World composition in Babylon JS

I’m trying to understand how to work with a huge map as we can see in such RPG games as Lineage 2.
As I know we can’t just load the entire map in memory (10km x 10km). So we have to split it into small cells. Also I found that some game engines have this feature World Composition User Guide | Unreal Engine Documentation

Does Babylon JS have something suitable for it?
I’m aware of Auto-LOD but it’s not the same.

There is Dynamic Terrain | Babylon.js Documentation for this purpose.

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Thanks for that. As I understand it consumes an array of points

  1. What if I want to use a mesh as terrain (with attached houses/trees to it), created in Blender. How I can transform it into points?
  2. Still, it will load the whole mesh (instead of loading only needed) and then display needed area. Isn’t it?
  1. As far as I know there is no feature available that will convert a terrain created in Blender to a dynamic terrain in Babylon.js. You would need to find a way to extract the data points and house/tree positions from the Blender terrain. You could import each house/tree type as an individual mesh into Babylon.js then use Adding Objects to a Dynamic Terrain | Babylon.js Documentation.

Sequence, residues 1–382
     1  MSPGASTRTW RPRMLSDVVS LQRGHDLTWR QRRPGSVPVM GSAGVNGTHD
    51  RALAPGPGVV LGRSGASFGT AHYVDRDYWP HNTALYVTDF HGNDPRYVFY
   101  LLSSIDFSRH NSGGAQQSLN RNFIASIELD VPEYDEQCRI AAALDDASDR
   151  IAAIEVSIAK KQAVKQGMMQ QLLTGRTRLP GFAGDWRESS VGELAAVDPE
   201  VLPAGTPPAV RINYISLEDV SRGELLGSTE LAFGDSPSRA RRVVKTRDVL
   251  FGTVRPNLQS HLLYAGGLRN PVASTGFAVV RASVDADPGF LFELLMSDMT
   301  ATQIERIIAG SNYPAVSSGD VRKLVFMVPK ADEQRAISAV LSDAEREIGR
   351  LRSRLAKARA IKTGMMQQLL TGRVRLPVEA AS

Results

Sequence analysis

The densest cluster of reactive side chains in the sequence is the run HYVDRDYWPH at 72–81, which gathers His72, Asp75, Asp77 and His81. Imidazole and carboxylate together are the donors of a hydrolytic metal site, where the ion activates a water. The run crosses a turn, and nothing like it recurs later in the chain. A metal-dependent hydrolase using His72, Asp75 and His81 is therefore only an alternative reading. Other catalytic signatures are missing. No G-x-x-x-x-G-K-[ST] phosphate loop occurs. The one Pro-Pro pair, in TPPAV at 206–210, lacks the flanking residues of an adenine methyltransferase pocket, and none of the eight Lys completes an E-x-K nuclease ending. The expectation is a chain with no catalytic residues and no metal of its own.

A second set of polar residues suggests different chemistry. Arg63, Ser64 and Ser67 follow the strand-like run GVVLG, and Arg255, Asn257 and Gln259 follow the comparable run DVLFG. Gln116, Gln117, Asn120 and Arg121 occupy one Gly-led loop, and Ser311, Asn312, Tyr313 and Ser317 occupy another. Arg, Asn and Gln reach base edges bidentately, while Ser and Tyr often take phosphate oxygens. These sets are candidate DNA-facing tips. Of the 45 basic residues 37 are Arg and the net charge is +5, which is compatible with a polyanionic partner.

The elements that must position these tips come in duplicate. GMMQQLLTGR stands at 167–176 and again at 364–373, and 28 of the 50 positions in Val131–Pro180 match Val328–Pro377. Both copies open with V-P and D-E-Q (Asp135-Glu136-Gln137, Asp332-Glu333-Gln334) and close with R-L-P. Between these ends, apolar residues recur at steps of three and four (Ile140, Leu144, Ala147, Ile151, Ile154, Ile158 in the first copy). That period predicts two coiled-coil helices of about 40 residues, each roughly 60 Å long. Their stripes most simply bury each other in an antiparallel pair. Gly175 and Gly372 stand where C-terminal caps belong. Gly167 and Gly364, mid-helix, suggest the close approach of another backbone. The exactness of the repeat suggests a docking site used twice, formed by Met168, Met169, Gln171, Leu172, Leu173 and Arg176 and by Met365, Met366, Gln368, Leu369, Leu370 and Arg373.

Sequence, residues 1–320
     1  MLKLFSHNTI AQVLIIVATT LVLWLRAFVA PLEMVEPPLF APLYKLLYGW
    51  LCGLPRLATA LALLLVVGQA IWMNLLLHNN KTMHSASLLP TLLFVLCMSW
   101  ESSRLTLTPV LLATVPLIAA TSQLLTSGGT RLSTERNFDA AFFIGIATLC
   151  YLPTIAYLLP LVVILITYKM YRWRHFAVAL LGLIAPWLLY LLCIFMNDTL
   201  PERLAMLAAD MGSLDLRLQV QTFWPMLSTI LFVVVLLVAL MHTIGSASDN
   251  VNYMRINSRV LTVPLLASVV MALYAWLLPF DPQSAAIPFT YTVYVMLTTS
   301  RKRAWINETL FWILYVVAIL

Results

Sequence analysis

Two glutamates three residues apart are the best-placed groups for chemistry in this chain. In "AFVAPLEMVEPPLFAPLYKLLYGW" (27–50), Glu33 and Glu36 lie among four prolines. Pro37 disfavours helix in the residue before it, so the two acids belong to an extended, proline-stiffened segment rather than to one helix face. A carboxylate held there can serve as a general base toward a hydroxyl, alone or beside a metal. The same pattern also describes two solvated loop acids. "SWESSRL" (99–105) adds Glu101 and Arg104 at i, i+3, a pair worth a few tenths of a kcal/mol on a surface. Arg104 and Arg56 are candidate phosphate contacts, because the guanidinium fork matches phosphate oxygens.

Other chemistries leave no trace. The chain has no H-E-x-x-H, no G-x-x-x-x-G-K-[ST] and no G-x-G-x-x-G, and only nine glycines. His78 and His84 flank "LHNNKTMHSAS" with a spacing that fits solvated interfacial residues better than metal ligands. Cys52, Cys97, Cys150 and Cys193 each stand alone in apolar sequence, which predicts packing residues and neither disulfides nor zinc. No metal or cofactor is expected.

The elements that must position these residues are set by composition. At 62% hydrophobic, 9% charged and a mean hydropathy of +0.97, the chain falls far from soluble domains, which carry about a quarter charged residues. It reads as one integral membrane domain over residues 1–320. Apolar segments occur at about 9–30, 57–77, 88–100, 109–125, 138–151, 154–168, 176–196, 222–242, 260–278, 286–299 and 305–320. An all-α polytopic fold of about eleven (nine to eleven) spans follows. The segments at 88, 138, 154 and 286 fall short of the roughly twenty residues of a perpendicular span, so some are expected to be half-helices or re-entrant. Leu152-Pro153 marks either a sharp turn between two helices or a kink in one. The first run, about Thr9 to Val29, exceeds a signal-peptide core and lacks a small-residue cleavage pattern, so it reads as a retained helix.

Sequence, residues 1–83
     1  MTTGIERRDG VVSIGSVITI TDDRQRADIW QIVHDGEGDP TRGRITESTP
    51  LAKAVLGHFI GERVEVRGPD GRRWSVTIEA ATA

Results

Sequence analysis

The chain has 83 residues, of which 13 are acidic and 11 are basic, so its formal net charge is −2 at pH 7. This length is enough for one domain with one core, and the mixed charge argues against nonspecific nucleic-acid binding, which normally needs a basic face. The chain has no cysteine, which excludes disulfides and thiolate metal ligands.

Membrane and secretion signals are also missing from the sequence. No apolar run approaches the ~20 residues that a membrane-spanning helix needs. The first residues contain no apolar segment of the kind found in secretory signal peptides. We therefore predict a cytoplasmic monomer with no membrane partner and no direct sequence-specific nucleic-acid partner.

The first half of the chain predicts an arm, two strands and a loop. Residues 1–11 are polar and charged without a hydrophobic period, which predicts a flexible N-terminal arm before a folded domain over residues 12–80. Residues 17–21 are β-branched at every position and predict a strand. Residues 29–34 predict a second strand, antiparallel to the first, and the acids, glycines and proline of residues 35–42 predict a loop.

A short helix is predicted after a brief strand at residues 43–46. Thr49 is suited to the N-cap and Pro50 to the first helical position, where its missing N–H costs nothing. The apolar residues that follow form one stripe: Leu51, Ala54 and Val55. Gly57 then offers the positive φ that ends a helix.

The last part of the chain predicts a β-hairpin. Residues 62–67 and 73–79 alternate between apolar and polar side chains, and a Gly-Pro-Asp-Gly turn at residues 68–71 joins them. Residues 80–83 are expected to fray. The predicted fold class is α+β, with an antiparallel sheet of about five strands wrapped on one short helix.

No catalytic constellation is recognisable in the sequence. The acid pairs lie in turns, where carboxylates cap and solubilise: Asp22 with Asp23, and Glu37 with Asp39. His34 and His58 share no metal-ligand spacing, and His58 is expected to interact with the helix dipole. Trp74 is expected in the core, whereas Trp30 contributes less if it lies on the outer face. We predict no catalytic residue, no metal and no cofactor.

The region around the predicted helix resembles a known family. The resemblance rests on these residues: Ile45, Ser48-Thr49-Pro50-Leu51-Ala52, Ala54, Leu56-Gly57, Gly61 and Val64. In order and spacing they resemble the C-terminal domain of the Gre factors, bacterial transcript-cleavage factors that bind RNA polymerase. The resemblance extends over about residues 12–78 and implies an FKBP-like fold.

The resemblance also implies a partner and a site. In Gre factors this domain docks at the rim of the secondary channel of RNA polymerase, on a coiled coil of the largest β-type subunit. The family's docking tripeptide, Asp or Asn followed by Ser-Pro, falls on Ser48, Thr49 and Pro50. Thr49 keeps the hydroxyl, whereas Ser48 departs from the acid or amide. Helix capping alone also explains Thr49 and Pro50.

2. Dynamic Terrain loads the whole of the data points and then dynamically generates only the viewable terrain and objects as meshes.

If you have not already created the terrain in Blender it might be easier to build it directly in Babylon.js. You could still build the houses/trees in Blender and import.

If @jerome is available he might wish to add something.


The reason is why I am going to create it in Blender it’s because I will able to see the whole scene and edit it where it’s needed. But in Babylon it would be like a randomly generated terrain.

I wouldn’t recommend for your case to load the whole scene as one file (first of all, it can be just too heavy), you may try to build a kind of object pool.
Define a pool class that maintains a collection of reusable objects . Each object supports an “in use” query to tell if it is currently “alive”. When the pool is initialized, it creates the entire collection of objects up front (usually in a single contiguous allocation) and initializes them all to the “not in use” state.
And use, instead of unique geometry, as much clones, instances and thin instances as possible.